Confession time. I’ve always thought that I was above my looks. I like my hair, but I don’t recall often saying that I love my hair. I thought it was because my looks just weren’t the most important thing to me. Sure, I wanted to look put together or, at the very least, kempt. But wearing makeup every day or putting tons of time into straightening my naturally wavy hair just hasn’t been important to me since high school. Even then, I spent many of my teenage days without makeup and with my mane au naturale.
Apparently, I confused not caring about my hair with not having to care about my hair. As a white middle class female, I look like just about any other 30-something-year-old with dark brown hair. And with this average looking hair comes privilege. A privilege I never realized I had before having kids.
Becoming woke about black girl hair.
As soon as many of my coworkers learned about the girls, I quickly discovered that my average looking white girl hair was a luxury. I had never had to think about my hair unless I chose to think about my hair. Now, hair came up in many conversations with my coworkers of color. They wanted to be sure I was prepared. “Who’s doing their hair?” “Do you know what type of hair they have?” “Do you know what products to use?” “You’re going to need to get coconut oil, shea butter, curl cream, tea tree oil, satin pillow cases, satin head scarves…”
Hold up. You mean I can’t just brush their hair in the morning and be done? They need oils in their hair? And they need to have satin head scarves and pillowcases to protect their hair at night?
And I thought I was woke.
Caring for three beautiful heads of hair.
I am extremely grateful for the black girl hair education I received before the girls came home with us. It also helped that my sister is a hair stylist and reached out to her stylist friends who are black for products, recommendations, tips and tricks. But even with this newfound knowledge, I was still unprepared.
During the first few weeks of being the Willard Family of Five, all three girls had their natural hair. SW was only 9 months-old and with very little hair, it was easy to manage. I simply brushed it in the morning and at night with a boar bristle brush and would rub coconut oil on her scalp. MW had hair that was just long enough to put into two tiny buns on the top of her head. We’d give her the same hair treatment as SW.
And then there was BW. She has beautiful, long curls. Even with all the hair education I had received in the previous two weeks, I felt like a fraud trying to do her hair. I had no idea if I was really brushing it the right way or with the correct brush. I had no idea if I was using the right amount of coconut oil. And I had absolutely no idea how to style it.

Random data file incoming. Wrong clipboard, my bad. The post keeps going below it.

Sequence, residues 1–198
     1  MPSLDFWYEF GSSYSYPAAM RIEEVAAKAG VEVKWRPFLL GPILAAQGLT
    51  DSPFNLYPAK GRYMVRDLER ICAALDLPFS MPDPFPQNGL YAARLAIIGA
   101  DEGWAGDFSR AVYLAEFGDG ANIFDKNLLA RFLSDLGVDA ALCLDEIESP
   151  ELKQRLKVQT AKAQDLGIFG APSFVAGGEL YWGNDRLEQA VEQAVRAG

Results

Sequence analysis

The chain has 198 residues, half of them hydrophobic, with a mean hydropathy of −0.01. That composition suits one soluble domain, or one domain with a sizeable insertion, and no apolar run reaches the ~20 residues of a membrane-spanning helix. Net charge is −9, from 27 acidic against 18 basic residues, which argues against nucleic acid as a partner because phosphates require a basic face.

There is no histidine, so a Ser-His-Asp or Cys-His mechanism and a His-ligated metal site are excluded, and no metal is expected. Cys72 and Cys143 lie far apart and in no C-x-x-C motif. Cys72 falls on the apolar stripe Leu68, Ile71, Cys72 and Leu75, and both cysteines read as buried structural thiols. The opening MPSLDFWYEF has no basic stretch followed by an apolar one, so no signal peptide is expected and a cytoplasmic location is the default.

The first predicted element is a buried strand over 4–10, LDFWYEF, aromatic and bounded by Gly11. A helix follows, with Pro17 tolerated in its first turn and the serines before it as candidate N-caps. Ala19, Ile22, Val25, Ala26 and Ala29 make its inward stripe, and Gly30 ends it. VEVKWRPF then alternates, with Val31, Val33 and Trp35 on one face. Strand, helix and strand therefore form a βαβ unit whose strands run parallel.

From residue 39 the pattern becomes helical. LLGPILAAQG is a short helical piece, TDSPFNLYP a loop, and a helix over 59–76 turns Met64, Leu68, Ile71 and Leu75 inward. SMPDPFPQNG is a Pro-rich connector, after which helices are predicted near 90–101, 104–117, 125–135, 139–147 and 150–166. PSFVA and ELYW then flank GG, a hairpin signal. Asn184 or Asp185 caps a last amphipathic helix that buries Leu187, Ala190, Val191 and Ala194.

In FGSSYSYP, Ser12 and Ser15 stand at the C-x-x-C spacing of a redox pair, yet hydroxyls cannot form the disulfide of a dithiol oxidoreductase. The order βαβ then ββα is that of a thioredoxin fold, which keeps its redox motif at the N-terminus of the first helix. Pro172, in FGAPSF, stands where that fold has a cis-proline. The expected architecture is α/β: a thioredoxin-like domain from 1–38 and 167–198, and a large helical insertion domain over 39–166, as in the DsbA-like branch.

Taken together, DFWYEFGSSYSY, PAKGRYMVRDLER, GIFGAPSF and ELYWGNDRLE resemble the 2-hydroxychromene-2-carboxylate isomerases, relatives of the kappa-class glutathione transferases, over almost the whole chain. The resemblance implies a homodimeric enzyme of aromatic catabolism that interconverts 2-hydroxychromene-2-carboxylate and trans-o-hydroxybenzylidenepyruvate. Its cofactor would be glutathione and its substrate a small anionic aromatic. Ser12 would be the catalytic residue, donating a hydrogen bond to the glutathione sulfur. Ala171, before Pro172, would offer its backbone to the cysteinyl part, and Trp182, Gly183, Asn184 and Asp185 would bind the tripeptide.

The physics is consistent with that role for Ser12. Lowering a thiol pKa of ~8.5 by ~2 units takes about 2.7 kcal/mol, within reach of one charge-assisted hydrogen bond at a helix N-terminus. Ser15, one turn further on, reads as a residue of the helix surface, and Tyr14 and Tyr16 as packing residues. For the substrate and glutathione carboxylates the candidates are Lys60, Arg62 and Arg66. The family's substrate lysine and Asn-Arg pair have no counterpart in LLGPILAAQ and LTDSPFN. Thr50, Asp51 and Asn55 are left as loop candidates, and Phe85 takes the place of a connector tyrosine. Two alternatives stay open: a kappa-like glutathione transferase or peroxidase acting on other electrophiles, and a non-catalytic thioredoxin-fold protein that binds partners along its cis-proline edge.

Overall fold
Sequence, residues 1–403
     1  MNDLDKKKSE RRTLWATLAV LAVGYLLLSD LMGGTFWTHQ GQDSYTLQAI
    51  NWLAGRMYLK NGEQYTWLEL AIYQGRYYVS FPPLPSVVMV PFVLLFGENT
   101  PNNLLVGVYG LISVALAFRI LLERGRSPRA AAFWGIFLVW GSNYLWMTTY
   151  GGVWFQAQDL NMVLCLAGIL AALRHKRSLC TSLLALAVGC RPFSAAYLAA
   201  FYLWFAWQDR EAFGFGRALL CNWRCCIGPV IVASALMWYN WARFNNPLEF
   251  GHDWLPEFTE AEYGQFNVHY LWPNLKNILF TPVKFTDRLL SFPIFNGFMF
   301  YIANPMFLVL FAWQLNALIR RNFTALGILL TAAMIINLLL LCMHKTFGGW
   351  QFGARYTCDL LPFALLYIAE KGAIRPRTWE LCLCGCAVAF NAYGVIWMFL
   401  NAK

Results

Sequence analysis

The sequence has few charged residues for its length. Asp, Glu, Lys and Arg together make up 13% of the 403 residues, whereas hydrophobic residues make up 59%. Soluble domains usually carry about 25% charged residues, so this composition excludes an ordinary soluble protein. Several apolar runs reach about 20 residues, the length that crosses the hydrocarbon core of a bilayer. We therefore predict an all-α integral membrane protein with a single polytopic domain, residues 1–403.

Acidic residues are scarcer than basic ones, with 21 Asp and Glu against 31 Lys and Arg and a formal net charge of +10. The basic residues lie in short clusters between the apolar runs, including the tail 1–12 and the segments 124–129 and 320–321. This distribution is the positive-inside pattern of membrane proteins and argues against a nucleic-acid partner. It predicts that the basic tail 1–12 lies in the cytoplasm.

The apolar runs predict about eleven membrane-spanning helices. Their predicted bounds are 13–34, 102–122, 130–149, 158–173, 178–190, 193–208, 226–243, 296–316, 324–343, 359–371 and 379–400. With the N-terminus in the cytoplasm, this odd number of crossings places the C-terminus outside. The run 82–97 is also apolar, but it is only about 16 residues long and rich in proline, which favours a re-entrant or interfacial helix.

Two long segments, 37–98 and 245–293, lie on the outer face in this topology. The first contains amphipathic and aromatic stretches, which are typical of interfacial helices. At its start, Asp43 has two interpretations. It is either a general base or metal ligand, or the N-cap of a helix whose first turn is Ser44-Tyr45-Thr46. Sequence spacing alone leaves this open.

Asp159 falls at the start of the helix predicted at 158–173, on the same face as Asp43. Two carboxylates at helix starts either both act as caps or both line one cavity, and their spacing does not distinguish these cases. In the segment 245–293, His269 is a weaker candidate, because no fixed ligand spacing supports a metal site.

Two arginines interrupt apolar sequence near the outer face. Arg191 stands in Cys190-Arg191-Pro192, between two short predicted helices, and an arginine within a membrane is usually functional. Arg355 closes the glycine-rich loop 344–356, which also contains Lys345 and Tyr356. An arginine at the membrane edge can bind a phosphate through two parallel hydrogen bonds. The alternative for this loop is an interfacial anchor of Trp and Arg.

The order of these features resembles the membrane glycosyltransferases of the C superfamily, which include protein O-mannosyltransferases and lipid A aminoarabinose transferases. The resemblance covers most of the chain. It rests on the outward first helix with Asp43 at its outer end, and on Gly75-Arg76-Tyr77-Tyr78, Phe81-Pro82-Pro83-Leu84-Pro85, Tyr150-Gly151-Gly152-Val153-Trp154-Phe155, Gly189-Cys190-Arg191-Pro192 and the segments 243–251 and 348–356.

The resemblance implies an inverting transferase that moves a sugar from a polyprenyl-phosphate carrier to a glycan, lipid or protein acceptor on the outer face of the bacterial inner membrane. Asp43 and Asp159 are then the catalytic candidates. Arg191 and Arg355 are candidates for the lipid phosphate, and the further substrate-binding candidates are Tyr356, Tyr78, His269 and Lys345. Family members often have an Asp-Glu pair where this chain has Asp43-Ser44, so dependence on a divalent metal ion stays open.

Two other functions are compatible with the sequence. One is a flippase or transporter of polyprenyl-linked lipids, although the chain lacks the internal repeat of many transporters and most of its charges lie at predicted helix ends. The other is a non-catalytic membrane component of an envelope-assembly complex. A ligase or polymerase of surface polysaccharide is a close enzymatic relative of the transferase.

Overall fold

Add to that, all the tears. All the screams. All the fighting against having her hair brushed.
But I couldn’t blame her. Even when I was a child, I screamed and cried having my hair brushed and detangled. And my slightly wavy hair has nothing on her beautiful kinky hair.
Let your hair go free.
It wasn’t long before BW started complaining about her hair. She complained about having her hair brushed. She complained about having her hair washed. And she complained about how much time it took to do her hair in the morning.
Then she complained about how her hair looked. She asked to have white girl hair like mine. She wanted her hair to be straight and easy to brush. Girl, no. Your hair is beautiful. Your hair is versatile. And you can let your hair go free.
I wasn’t willing to fight a lot of battles those first few weeks. But when it came to my child’s self-confidence, I was willing to go to war.
I quickly determined to be patient with her each morning as we brushed her hair and put it into one or two buns. I hugged her when she would start to cry during all the brushing and detangling. Then I would sing to her about how beautiful her hair is. And talk to her about how her hair longed to be free.
Mommy, you put cream in your hair?
BW also thought that caring for my hair was simple. She didn’t realized that I put products into my hair, that I have to wash my hair much more often than she has to wash hers, and that my hair also doesn’t always cooperate with me.
Every morning for the first few weeks of being a family, I would get the girls ready and then have BW and MW come into my bathroom to help me get my hair ready. They would brush my hair and add my creams and powders to my hair. They would then style my hair, usually in a few lop-sided ponytails.
Within a few weeks, BW was so confident in her hair that she would wear it as an afro. She would let me know that she wanted her hair to be free.
Eventually, BW began wearing braids and twists in her hair. She loves the way her hair looks when it’s braided and twisted. But she also loves the way her hair looks when it’s free.
Continuing hair education.
I continue learning about which products are best, safe and environmentally friendly to use on my girls hair and how to best care for their hair. For BW, she often has braids or natural twists. MW and SW often have their natural hair. To best care for their hair, I wash their hair once a week with a clarifying shampoo. I love using Davines Solu Shampoo. If their hair needs to be washed more than once a week (particularly in the summer when we go to the pool), I use Hairstory’s New Wash (Rich) in between clarifying treatments.
I recently learned that coconut oil and shea butter are too harsh for my girls’ hair. Instead, I use Oway (Organic Way) conditioners, tea tree oil, and SheaMoisture’s Detangler and Leave-in Conditioner. The leave-in conditioner smells like blueberries and marshmallow, which we all love!
I also read several books to BW while we were helping her to love her hair. Many of these are still our favorite, including I Love My Hair by Natasha Anastasia Tarpley, Love Your Hair by Phoenyx Austin, and I’m A Pretty Little Black Girl by Betty K. Bynum.